Who still thinks members of Congress should be able to trade stocks
I was in Washington D.C. this past week and you could almost feel the strife in the brisk January air, with the endless squabbling over President Biden’s stalled Build Back Better plan being Exhibit A.
And yet I did find instances of bipartisanship, featuring some strange bedfellows the likes of which I hadn’t seen since Representative Alexandria Ocasio-Cortez and Senator Ted Cruz briefly aligned on Twitter last year during the meme stock brouhaha — before AOC kicked Ted to the curb, 67 minutes later.
Here too the common ground is about stock trading. But in this case, it’s much closer to home for lawmakers, specifically, that oh-so tawdry practice of stock trading by members of Congress.
Intriguingly, there are high-profile members on both sides of the aisle, and on both sides of the issue, i.e., both Dems and Repubs who are pro stock trading by members and both who are con. It’s a debate that has come to the fore this week; two competing bills were introduced on Wednesday, and that plus a flurry of articles could foster some real change here. (Yahoo Finance produced three articles this week on the subject; here, here and here.)
I urge you to temper your expectations however. Let’s remember the people who would write the stricter rules would be theoretically financially disadvantaging themselves. How often has that happened in human history?
It’s not just members of Congress who’ve come under the microscope btw. Federal judges, as well as Federal Reserve officials are being scrutinized and in some instances have taken recent falls. There’s much to chew on there as well, but I’m going to focus on members of Congress because there’s plenty enough to explore in those hallowed, and slightly sordid, halls.
Another reason to focus on Congress is that the laws there are relatively lax. Donna Nagy, a law professor at Indiana University-Bloomington who focuses on insider trading, notes that rules governing members of Congress don’t “impose any type of conflict of interest restraint on members of Congress akin to the anti-conflict legislation that is enforced for the executive branch and judicial branch.
“Judges can’t have a financial interest in matters before their courts. It’s a very similar statute — in purpose and effect — to the executive branch statute,” Nagy says. “Members of Congress aren’t governed by any of these statutes. There’s no independent statute that addresses a broad prohibition on conflicts of interest for members of the legislative branch.”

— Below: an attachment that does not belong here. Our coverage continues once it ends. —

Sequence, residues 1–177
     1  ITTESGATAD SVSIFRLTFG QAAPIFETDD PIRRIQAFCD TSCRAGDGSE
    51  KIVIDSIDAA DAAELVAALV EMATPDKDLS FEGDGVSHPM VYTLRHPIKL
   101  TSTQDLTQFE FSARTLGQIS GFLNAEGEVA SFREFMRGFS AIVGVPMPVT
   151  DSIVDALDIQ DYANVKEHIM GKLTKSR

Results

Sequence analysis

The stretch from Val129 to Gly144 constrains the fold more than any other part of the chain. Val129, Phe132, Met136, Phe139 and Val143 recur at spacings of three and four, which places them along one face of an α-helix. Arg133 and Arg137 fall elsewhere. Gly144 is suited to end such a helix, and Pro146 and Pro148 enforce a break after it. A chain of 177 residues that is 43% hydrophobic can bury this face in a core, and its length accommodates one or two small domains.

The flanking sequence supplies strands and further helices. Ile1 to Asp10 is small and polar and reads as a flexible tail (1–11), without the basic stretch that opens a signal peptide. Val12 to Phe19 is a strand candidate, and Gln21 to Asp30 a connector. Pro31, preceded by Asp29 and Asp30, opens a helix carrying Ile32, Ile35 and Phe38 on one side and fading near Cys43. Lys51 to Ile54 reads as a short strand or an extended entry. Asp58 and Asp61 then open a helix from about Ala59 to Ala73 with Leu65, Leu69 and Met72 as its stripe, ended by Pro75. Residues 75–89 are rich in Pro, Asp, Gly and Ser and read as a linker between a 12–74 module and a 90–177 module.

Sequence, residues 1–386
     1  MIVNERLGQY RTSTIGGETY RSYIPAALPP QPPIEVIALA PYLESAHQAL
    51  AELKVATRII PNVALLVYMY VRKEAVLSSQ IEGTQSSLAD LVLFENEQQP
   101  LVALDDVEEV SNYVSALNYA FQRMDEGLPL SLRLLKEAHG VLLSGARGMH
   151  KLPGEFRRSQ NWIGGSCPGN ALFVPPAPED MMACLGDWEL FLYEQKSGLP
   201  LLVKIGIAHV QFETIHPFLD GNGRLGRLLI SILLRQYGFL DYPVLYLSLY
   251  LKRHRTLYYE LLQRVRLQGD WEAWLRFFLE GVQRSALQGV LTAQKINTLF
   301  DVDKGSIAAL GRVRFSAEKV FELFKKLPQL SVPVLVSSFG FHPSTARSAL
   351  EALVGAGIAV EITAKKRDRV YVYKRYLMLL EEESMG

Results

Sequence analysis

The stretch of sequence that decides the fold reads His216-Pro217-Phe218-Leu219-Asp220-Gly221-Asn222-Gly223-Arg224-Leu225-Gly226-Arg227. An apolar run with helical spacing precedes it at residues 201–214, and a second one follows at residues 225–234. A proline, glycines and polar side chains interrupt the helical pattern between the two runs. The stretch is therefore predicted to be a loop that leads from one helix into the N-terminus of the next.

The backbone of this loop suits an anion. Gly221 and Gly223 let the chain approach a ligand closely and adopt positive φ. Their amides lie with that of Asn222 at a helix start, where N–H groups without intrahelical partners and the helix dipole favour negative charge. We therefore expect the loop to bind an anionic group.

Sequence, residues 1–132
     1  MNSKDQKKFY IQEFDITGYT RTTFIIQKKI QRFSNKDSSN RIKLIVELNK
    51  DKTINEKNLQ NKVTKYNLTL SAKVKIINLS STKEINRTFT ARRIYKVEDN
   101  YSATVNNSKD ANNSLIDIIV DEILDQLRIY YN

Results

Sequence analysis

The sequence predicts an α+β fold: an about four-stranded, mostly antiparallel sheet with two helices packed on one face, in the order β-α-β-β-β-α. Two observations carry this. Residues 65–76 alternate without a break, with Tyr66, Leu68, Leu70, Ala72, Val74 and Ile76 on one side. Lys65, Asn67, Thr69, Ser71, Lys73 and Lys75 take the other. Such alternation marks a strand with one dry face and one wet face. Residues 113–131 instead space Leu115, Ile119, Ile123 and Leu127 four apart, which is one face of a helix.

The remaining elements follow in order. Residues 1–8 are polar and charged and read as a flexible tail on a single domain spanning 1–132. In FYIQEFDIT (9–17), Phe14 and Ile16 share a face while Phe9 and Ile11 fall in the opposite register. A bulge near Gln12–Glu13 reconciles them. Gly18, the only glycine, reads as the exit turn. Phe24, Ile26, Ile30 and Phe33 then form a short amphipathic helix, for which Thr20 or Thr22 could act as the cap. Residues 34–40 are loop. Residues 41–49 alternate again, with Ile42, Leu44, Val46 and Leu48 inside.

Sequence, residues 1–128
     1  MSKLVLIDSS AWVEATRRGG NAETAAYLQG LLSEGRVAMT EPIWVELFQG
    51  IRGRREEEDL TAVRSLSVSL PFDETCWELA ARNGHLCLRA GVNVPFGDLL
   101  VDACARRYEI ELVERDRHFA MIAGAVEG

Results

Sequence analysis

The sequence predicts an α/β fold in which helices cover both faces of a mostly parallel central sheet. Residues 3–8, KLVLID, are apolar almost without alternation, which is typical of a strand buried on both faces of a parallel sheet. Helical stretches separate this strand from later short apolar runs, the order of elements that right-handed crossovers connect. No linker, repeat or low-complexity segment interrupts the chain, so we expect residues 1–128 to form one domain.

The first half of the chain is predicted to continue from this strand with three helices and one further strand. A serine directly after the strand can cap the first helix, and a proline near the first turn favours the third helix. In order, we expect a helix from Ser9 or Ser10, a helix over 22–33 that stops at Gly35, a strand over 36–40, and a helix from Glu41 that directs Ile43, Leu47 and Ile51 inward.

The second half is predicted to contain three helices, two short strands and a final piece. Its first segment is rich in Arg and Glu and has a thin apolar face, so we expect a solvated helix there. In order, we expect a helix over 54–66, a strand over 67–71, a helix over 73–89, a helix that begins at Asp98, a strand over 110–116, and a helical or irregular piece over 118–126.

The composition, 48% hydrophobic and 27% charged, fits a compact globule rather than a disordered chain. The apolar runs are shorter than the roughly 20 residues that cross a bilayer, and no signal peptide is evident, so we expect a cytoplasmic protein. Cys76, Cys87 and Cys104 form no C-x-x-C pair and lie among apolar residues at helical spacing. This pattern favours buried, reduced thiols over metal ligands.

Believe it or not, before 2012, regulations for Congress were even looser, until the passage of the STOCK Act, or Stop Trading on Congressional Knowledge. (When did it become a thing, btw, that all bills had to be acronyms?) This law effectively bans members of Congress and their families from trading on inside information. Yes, you are reading correctly. Prior to 2012, Congresspeople could (and did) trade on inside information! The law also requires members to report all trades in 45 days instead of one year.
Former Washington (state) Congressman Brian Baird was a lone voice in the wilderness pushing for this legislation, which was going nowhere until a scathing “60 Minutes” piece in 2011 cited members of Congress for this practice, in particular during the financial crisis of 2007-2008. (CBS reporter Steve Kroft called out House Speaker Nancy Pelosi in the piece, more on her in a bit.) The STOCK Act passed the Senate by a vote of 96-3 with one of the “no” votes cast by Senator Richard Burr of North Carolina (More on him in a bit.)
So then after 2012, no more trading on inside information and members have 45 days to report, so we’re all good here? After all, these are lawmakers, so if anyone’s going to follow the law it would be these folks, right?
Actually, no. The abuses have continued. And so have the new stories reporting them. One of the more recent and comprehensive efforts for example was by Insider called “Conflicted Congress,” which came out last month. This report and other media have found that 54 members of Congress violated the STOCK Act last year alone.
Bigger picture in the first nine months of last year, according to an expert named Tim Carambat: “Senate and House members have filed more than 4,000 financial trading disclosures — with at least $315 million of stocks and bonds bought or sold.” Carambat would know because he created and now maintains two public databases of lawmaker financial transactions — House Stock Watcher and Senate Stock Watcher. Then there’s this mega report by Unusual Whales.
Bottom line: Many members of Congress have a busy side gig of buying and selling securities and some of them are not following the rules. To quote Ronald Reagan: “Well, I’m not surprised.”